Pregnancy Complications More Prevalent in Women With Axial Spondyloarthritis


“Understanding the impact of axSpA on pregnancy outcomes is a vital component of improving management of women with axSpA at every stage of their lives,” investigators stated.

Pre-eclampsia, low birth weight, preterm births, as well as with other complications, are more common in patients with axial spondyloarthritis (axSpA), according to a study published in Seminars in Arthritis and Rheumatism.1

“Understanding the impact of axSpA on pregnancy outcomes is a vital component of improving management of women with axSpA at every stage of their lives,” investigators stated. “Improved data collection via national registries have been key to recent advances in the understanding of the impact of rheumatic disease on pregnancy.”

The Ankylosing Spondylitis Registry of Ireland (ASRI) records epidemiological data on axSpA in Ireland. Information obtained from this registry, including demographics, treatment, pregnancy outcomes, fetal outcomes, and breastfeeding, was compared with global reference norms (GRN). Investigators focused on complications, such as miscarriage, pre-eclampsia, gestational diabetes, low birth weight, neonatal intensive care unit (NICU) admission, and pre-term delivery.

Eligible patients were aged 18 years or older, clinically diagnosed with axSpA by a rheumatologist, and met Assessment of Spondyloarthritis International Society (ASAS) classification criteria.

A total of 98 women with axSpA (mean age 43.9 years) were included in the study, with 297 live births (335 pregnancies) recorded. Nearly half of pregnancies (48.5%, n = 162) had at least 1 complication and 13.1% experienced multiple complications.

When compared with GRN, 2 of the most prevalent complications reported in women with axSpA were preterm birth (12.5% vs 5.2%, p<0.01) and pre-eclampsia (6.8% vs 2.8%, p<0.01). Odds ratio calculations indicated that patients with axSpA were 2.48 times more likely to develop pre-eclampsia and 2.52 times more likely to experience preterm birth.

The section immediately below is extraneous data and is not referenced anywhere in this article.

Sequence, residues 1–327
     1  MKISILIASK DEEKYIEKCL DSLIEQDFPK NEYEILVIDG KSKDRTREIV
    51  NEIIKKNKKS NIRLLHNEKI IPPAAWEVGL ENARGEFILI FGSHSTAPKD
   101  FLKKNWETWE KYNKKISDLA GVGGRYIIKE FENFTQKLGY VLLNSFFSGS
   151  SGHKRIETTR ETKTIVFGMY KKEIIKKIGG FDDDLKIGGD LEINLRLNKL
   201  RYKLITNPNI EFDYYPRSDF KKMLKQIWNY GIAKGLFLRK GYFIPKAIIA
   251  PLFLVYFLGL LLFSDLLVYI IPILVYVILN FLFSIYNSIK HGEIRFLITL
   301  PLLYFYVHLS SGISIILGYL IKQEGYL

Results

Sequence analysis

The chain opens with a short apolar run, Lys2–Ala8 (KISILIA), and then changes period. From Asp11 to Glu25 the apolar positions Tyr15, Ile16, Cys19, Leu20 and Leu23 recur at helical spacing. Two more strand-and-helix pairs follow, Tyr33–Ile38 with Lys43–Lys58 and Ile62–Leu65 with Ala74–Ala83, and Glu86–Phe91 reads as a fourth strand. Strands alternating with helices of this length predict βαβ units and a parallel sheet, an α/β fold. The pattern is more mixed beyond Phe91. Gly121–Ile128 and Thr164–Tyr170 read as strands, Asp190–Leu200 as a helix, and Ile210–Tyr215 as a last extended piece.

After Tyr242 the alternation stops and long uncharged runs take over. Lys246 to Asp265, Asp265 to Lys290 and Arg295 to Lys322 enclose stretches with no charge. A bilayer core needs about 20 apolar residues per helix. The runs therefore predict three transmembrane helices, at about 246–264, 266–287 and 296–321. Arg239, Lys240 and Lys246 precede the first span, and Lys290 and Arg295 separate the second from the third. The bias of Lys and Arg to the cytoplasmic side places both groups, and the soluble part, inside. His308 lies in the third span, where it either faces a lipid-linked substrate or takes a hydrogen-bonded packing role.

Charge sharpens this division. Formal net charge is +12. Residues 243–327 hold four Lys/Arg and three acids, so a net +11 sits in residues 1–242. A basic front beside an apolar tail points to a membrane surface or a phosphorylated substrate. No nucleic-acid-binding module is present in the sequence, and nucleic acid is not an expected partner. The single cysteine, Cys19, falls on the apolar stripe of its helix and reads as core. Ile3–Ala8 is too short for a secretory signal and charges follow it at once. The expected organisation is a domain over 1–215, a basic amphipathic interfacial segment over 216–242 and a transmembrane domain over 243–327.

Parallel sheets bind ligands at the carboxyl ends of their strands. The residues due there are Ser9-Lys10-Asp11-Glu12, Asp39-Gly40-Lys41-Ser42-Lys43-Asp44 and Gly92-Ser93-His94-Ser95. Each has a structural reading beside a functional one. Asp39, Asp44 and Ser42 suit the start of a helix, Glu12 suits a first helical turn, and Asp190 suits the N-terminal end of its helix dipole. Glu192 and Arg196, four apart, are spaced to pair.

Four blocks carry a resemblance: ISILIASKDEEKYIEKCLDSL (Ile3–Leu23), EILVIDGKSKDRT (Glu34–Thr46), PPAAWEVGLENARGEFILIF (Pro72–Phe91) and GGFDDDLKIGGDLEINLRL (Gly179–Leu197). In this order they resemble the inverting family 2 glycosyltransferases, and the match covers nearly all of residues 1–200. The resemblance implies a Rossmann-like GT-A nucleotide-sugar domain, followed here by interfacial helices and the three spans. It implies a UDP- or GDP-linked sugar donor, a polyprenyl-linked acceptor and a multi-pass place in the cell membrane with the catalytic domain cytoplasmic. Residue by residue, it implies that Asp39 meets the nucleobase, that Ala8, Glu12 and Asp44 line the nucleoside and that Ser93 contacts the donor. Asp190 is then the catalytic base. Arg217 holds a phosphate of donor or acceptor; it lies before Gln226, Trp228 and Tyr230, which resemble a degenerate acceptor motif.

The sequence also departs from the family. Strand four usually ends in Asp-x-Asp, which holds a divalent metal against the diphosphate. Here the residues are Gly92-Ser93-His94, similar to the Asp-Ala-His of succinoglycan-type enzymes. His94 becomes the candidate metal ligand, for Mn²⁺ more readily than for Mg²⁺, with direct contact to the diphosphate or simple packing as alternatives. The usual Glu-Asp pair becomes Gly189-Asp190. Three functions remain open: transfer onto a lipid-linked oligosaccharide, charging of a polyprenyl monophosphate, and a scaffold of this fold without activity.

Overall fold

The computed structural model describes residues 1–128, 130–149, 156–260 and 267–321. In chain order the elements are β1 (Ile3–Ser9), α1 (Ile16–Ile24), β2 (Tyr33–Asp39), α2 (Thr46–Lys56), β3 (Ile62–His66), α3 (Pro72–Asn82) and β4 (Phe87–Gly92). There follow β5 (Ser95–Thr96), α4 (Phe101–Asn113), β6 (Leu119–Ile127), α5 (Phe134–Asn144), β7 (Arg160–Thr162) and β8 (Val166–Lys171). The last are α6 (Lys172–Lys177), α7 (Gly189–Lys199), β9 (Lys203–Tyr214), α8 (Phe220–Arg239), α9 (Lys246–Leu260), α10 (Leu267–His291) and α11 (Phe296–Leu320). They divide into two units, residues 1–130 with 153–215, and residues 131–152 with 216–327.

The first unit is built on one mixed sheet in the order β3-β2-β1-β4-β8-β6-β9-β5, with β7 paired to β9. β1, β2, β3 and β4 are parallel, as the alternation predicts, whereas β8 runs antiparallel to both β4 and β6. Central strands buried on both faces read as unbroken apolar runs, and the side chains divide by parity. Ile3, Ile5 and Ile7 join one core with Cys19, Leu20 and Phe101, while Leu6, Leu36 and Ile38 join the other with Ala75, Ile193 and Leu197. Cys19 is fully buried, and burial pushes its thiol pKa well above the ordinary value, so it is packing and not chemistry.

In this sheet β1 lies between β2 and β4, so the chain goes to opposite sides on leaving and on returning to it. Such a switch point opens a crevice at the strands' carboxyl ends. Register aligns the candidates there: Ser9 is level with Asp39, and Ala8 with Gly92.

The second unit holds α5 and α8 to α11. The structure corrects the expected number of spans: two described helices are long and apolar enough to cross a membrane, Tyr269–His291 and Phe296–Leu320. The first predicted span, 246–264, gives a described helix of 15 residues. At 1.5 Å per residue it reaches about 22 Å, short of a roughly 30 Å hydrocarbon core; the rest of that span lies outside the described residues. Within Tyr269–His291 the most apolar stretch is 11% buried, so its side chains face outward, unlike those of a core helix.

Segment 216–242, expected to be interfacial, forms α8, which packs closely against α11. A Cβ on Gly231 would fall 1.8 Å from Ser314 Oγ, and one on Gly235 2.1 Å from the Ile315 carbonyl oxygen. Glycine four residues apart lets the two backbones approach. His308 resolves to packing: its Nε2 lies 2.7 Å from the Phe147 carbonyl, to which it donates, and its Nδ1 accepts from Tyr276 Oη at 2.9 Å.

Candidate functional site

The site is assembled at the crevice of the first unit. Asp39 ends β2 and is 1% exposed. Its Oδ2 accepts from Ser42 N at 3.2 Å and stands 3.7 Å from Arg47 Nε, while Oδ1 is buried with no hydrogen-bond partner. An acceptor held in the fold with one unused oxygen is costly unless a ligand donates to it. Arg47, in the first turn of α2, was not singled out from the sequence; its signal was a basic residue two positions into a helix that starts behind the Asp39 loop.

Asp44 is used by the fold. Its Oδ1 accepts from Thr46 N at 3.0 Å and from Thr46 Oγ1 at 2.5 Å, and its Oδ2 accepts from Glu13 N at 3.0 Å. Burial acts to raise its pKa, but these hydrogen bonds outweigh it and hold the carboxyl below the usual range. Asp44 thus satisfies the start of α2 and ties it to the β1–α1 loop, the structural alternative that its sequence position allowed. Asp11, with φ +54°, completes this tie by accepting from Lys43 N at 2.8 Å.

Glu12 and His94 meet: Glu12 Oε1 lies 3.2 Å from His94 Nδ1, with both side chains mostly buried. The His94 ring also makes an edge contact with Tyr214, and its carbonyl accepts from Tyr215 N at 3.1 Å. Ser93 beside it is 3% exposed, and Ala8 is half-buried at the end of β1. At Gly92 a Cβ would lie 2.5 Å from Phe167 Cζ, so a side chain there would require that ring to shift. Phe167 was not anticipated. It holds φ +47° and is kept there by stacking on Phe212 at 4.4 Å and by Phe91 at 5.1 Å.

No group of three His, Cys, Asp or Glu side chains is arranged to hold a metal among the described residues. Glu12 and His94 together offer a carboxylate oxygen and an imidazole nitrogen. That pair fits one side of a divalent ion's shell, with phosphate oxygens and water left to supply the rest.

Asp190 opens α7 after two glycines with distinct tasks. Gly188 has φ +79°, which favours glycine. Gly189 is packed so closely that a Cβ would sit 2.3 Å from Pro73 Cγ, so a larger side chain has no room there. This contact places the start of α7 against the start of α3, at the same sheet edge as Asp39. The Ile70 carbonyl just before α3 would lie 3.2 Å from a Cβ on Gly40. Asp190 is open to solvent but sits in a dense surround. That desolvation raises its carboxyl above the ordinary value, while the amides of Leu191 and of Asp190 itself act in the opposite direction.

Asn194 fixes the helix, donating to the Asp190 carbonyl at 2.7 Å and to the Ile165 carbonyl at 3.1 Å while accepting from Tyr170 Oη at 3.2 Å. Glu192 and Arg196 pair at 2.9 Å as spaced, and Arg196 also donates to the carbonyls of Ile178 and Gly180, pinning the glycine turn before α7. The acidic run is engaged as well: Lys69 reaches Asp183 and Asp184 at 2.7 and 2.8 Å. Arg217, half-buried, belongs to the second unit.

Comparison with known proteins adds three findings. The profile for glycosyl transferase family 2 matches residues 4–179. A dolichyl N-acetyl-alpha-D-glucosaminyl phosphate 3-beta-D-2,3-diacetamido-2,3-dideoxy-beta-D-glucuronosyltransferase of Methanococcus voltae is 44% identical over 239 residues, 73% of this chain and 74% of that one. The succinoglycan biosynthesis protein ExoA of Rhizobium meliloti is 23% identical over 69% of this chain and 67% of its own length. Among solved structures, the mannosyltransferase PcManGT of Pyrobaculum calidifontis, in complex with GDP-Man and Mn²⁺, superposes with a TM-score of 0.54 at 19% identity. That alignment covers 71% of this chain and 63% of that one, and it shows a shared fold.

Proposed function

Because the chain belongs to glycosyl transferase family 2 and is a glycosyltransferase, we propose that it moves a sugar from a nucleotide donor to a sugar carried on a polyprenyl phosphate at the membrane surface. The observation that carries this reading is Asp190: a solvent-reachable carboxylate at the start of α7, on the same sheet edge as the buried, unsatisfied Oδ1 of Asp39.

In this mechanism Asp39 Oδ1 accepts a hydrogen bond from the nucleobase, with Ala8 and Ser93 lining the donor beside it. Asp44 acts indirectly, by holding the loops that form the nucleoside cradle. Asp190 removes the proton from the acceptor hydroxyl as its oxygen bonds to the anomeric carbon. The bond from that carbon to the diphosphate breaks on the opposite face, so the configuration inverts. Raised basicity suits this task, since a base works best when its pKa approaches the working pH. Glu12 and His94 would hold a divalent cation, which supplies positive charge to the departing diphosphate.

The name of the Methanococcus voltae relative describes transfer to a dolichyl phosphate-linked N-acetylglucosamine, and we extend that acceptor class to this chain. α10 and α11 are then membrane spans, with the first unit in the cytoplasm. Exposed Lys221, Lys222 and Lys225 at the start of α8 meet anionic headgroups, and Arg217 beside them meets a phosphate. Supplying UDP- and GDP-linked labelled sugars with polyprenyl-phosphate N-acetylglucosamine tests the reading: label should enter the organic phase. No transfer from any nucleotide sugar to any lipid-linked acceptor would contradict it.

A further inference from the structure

Low birth weight was seen more often in patients with axSpA (8.2% vs 2.9%, p<0.01, respectively). Interestingly, infants who were small for gestational age was less prevalent in the axSpA group when compared with GRN (5.4% vs 11%, p<0.01, respectively).

Miscarriage affected 56 (16.7%) of women with a history of pregnancy and a caesarean section was reported in 13.3% of women.

While most patients (72.4%) had either no change or stable disease prior to pregnancy, 31.6% of women experienced increased disease activity after conception. Remission rates improved in the postpartum period (56.1%).

Limitations of the study included the pregnancy data available in the ARSI, which did not account for maternal age or axSpA treatment during pregnancy. Another limitation was the retrospective, cross-sectional design of the study, which may have led to recall bias.

“These results provide much needed insight into the impact of axSpA in pregnancy and highlight the need for further research to understand the pathogenesis of these complications,” investigators concluded.


Sinead Maguire, Fiona Wilson, Phil Gallagher, Muhanad MS Mohamed, Senan Maher, Finbar O'Shea. What to Expect when Women with Axial Spondyloarthritis are Expecting: Prevalence of Complications of Pregnancies in Women with Axial Spondyloarthritis, Seminars in Arthritis and Rheumatism, 2022,151993, ISSN 0049-0172,

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